Dallas Police's Final, Fatal Encounter with a Schizophrenic
To neighbors and family, it was obvious that Jason Harrison was mentally ill, even if the legal system kept treating him like someone who wasn't. The last time his mother called for the cops to come to their home in Oak Cliff was this past Saturday afternoon. He seemed agitated, standing in the street, according to a neighbor, and something that looked like it might be a weapon was in his pocket. "We could see the handle of it sticking out," the neighbor told Unfair Park. It was a screwdriver. Harrison's mother called 911 and asked for a speciality team to come and take her son to Parkland hospital.
Google Maps The 200 block of Glencairn Drive, the site of the latest shooting between Dallas cops and a mentally ill man.
Instead, at some point after the cops arrived, neighbors say, they heard three gunshots. The Dallas Police Department blog published a post on Saturday saying that Harrison "made an aggressive act towards one of the officers with the screwdriver," and so both officers fired, killing him. He was 38.
Harrison's mother hasn't yet responded to an interview request, but family members told WFAA that he was unable to obtain long-term mental health treatment anywhere "because he showed no signs of hurting himself or anybody else."
Yet his mother often had to call cops to her home, neighbors say. "This time I feel like they got tired of coming out here, so they finally killed him," says the one who saw the screwdriver in Harrison's pocket, though the neighbor never felt personally threatened by Harrison and believes cops shouldn't have shot him.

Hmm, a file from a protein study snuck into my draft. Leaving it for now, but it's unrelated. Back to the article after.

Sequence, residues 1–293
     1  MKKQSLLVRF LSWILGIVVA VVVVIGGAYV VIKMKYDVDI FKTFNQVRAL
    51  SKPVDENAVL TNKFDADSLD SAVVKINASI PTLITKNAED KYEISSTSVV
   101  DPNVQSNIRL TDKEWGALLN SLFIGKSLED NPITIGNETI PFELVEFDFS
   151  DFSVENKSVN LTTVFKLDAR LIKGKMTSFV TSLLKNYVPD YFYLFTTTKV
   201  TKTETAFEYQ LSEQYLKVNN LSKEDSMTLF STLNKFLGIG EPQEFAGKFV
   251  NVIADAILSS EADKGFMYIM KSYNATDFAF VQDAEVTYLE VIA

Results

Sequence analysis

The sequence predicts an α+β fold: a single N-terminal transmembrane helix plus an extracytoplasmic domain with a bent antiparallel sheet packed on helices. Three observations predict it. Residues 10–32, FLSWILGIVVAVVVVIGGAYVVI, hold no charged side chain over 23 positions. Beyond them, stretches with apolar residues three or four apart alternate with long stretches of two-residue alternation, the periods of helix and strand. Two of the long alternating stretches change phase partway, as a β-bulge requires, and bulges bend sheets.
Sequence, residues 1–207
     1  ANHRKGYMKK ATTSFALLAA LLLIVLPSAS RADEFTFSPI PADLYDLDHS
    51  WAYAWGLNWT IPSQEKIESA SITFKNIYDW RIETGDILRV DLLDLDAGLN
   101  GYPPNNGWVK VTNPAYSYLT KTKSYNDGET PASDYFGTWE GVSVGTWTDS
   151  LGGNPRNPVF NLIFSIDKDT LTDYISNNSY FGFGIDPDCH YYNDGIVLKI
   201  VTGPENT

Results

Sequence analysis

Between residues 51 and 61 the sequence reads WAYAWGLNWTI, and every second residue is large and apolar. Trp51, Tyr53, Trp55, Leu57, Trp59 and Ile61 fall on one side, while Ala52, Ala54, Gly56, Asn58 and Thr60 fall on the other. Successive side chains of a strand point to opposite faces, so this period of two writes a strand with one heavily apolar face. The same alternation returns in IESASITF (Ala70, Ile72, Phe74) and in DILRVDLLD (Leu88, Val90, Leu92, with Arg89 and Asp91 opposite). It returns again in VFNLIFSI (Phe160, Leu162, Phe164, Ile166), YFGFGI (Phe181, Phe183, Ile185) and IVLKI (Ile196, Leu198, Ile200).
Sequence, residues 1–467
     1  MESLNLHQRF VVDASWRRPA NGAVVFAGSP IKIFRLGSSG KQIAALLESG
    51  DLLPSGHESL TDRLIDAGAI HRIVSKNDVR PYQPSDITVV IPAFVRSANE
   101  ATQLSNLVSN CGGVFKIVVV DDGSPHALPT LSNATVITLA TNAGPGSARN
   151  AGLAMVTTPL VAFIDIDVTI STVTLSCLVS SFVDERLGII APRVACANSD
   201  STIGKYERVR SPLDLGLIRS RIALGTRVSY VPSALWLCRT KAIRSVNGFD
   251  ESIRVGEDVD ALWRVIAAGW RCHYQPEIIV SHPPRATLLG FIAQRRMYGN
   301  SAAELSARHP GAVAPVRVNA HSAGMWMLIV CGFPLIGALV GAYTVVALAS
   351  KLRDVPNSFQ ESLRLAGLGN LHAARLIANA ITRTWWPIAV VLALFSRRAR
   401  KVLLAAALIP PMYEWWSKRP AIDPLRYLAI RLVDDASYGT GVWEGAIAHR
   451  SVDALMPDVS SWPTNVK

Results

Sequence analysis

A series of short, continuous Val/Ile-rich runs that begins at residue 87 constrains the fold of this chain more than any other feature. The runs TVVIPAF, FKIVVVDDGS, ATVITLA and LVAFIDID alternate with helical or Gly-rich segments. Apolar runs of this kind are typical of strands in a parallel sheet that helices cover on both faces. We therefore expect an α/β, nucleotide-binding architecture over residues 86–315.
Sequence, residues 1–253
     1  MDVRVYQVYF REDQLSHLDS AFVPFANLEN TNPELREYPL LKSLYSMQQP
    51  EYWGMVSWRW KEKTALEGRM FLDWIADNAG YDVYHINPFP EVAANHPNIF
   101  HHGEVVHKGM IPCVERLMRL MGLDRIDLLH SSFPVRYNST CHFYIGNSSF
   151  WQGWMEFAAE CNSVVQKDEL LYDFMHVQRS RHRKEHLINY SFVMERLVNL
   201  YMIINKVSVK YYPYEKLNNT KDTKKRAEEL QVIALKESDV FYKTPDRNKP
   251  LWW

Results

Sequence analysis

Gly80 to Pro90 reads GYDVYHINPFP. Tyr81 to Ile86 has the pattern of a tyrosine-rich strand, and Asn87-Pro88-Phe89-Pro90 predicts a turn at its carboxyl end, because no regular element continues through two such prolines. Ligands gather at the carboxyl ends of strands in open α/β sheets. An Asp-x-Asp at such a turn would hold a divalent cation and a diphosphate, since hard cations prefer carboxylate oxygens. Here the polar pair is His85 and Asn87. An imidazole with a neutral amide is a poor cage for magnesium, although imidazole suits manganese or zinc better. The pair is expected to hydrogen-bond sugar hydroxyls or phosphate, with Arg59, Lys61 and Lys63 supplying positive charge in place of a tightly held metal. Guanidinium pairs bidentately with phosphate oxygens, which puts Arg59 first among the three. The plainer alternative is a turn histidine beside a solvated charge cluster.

Before Saturday, Harrison's last major confrontation with Dallas police was on September 11. Harrison's mother told officers that Harrison hadn't slept or taken his medication in two days. When police arrived, they saw him pacing and yelling in the kitchen.
Harrison "began to make derogatory remarks towards officers as he noticed officers watching him," something the officers apparently took seriously enough to note in their report. As they watched him, he then spit in the face of Officer Tawanna Williams, "making contact with the comp skin," goes the police narrative. That was what made the officers decide to place him in cuffs and bring him to jail. On the way out, he spit in the other officer's face, too.
Harrison was charged with harassment of a public servant, a felony. The court determined that Harrison was incompetent to stand trial and instead sentenced him to a maximum of 120 days at the Rio Grande State Center, a mental health facility.
In February, the head of the facility told the judge that Harrison had become competent to stand trial, something that's common once offenders are medicated. Under a plea bargain, Harrison pleaded guilty to attempted assault of a public servant and was sentenced to 120 days in jail.
"I did unlawfully, then and there with the attempt to assault, harass or alarm T. WILLIAMS...cause the said complainant to contact the SALIVA of the defendant," reads his judicial confession. It does not mention the schizophrenia that his family and friends say afflicted him.
Patricia Ramirez, a friend of the mother, liked Harrison, remembering him as someone who often wandered the neighborhood, walking to the store and talking to himself.
Ramirez ran toward the house after she heard the three gunshots on Saturday. Officers were guarding the scene, she says, and she didn't know what had happened.
After police brought Harrison's mother in for questioning, Ramirez cleaned the blood left behind in the street with peroxide and bleach so the reminder of his death would be gone before his mother returned home. "She loved him," she says.